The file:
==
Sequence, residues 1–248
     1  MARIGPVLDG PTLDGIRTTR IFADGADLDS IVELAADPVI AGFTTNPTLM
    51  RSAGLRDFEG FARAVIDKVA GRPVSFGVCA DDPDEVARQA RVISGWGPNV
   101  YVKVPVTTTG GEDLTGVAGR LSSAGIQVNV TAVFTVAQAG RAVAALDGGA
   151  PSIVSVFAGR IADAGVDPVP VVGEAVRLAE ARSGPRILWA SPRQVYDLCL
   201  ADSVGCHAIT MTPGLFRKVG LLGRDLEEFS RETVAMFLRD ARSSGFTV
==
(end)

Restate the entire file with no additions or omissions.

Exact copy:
Sequence, residues 1–248
     1  MARIGPVLDG PTLDGIRTTR IFADGADLDS IVELAADPVI AGFTTNPTLM
    51  RSAGLRDFEG FARAVIDKVA GRPVSFGVCA DDPDEVARQA RVISGWGPNV
   101  YVKVPVTTTG GEDLTGVAGR LSSAGIQVNV TAVFTVAQAG RAVAALDGGA
   151  PSIVSVFAGR IADAGVDPVP VVGEAVRLAE ARSGPRILWA SPRQVYDLCL
   201  ADSVGCHAIT MTPGLFRKVG LLGRDLEEFS RETVAMFLRD ARSSGFTV